‘All right,’ said Vash at last. ‘Let’s run the whole thing through.’
Beverly nodded, and set the music to play once they were in position.
The music started. Beverly waited eight long beats as Vash’s hand moved slowly to her shoulder and up to her face, and then they were dancing - first circling one another slowly without touching except for the warm hand still on her cheek, and then Vash’s fingers meeting hers as they finally stepped together, Vash’s palm against her waist to steady her as she spun, Vash’s eyes gazing into hers as their feet drew patterns on the floor. Beverly twirled, and she wasn’t sure if the pounding of her heart belonged to her character or to her. When she stiffened in indecision, Vash’s free foot swept Beverly’s around with her and they changed direction, moving backwards now in quick little steps, and then slowing again for a close embrace, and Beverly fell into Vash’s arms and let herself be pulled across the floor.
Then Beverly was leading, driving them faster, with a harmony between them now that had been absent at the beginning of the dance. Beverly’s right hand was on Vash’s back, and her left clasped Vash’s right tightly. They sank almost to the ground, free legs stretched out behind them, and then came up again, pulling one another closer. And then they were whirling, Vash’s leg curled around Beverly’s thigh, her foot brushing Beverly’s knee, and then Beverly dipped her so low, Vash’s hair almost brushed the floor, and then a final burst of quick, almost running steps, and they finished with their arms tight around each other, just as the music ended in a last powerful chord.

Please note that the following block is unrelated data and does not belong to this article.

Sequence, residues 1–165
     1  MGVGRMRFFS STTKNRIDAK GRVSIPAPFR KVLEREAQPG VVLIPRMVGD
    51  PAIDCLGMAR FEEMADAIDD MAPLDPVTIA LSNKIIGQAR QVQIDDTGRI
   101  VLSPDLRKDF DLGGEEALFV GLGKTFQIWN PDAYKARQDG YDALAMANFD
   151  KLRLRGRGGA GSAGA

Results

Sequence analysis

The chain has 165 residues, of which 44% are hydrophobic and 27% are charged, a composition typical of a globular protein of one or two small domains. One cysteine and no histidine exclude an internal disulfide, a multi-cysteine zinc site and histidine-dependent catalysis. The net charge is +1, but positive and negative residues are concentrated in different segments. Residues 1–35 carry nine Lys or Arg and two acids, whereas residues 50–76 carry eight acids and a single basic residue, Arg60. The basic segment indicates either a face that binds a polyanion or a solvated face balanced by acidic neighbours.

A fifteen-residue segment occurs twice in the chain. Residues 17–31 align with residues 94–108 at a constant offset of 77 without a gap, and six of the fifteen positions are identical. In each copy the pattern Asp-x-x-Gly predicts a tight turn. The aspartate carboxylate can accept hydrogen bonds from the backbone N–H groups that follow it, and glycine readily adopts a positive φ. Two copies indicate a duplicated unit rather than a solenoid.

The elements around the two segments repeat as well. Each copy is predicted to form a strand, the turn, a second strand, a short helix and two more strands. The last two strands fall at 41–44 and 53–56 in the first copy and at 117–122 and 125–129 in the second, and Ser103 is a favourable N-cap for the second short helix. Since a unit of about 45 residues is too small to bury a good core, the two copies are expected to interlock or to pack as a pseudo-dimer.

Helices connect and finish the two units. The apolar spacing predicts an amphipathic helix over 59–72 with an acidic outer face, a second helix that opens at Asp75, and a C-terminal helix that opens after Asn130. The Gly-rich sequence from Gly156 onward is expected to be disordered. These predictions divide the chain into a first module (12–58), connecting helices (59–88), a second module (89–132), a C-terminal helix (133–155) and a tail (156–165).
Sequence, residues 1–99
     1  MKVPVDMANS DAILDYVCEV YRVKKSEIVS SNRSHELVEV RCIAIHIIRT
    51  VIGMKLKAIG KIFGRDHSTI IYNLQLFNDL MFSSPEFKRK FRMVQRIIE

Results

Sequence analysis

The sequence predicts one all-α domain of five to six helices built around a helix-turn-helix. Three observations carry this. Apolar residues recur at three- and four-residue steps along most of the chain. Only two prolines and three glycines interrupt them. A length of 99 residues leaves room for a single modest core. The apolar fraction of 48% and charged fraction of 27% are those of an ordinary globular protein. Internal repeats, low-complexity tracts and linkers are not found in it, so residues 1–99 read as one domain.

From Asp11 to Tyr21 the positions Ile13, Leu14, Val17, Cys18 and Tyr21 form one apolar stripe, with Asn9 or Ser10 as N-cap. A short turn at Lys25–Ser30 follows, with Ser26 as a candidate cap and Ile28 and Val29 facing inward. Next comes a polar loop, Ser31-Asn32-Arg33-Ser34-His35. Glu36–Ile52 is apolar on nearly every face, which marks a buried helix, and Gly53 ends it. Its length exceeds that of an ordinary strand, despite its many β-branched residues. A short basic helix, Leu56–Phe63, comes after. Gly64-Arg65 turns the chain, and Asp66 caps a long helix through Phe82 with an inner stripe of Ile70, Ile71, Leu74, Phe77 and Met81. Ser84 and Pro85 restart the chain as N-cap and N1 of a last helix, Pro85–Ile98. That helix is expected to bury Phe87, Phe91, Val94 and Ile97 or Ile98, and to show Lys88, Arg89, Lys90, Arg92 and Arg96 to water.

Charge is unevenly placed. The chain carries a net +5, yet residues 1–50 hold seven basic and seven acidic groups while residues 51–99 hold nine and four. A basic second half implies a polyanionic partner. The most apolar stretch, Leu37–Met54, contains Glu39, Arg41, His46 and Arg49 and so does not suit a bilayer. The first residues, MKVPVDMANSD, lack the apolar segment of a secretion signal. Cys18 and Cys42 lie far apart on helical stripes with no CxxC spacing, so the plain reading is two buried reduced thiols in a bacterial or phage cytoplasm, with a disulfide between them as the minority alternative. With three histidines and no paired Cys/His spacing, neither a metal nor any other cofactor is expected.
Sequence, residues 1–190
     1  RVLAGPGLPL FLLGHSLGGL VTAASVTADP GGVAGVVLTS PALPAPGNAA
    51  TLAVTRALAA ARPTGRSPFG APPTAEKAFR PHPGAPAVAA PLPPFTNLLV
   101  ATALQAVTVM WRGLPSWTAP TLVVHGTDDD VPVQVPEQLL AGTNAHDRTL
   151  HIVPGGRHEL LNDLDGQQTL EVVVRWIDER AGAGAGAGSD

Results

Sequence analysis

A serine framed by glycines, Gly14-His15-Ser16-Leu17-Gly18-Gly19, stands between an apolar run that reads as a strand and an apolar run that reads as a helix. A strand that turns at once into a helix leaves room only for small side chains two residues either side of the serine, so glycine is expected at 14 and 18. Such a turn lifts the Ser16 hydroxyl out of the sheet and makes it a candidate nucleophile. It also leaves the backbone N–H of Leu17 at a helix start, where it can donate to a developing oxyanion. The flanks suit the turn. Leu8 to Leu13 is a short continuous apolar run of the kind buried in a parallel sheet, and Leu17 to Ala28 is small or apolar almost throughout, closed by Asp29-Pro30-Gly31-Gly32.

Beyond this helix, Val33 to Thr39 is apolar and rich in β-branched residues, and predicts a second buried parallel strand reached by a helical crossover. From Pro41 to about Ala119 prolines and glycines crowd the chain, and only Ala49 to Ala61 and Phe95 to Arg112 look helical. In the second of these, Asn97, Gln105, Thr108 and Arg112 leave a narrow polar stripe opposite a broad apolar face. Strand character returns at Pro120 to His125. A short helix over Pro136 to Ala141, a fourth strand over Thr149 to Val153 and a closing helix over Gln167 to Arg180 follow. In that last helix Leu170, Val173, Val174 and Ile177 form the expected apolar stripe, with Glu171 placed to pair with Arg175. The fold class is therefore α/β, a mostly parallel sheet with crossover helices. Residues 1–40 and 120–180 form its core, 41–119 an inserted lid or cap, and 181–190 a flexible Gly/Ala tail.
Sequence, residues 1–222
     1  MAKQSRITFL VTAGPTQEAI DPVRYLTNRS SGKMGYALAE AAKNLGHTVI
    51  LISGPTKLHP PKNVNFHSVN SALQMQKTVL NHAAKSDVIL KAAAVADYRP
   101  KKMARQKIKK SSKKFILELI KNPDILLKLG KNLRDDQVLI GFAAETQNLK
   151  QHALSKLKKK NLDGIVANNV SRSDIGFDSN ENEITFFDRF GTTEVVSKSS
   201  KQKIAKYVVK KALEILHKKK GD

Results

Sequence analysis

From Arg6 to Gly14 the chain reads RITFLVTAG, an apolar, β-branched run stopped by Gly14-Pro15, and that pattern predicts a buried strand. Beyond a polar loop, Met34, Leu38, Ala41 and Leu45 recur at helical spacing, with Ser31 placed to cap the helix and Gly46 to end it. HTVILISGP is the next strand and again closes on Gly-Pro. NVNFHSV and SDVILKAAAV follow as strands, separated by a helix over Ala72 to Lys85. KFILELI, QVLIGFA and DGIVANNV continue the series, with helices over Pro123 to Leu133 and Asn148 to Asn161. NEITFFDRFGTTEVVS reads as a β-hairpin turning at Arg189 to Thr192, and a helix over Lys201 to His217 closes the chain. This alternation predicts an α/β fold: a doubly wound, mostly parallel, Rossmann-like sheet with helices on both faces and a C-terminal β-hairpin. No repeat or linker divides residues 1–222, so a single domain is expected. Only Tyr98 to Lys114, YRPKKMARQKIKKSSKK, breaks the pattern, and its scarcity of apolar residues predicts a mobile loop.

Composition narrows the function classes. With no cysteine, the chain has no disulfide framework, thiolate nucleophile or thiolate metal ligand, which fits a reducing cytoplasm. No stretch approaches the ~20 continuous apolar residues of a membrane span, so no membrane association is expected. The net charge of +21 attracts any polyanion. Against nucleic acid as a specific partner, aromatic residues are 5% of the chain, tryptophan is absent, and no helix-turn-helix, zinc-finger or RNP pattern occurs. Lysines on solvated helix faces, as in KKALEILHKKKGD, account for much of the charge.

Beverly could hardly catch her breath. She licked her lips, still holding Vash close. She could feel both of their hearts beating. She was afraid to speak, afraid to move in case whatever was happening in this moment stopped happening. Vash leaned closer, shifted her arm on Beverly’s waist...
And the scanner dropped out of her sleeve and skittered onto the floor. Beverly had all but forgotten what they had been doing here in the first place, but the noise startled her and she stepped back, suddenly chilly away from Vash’s embrace.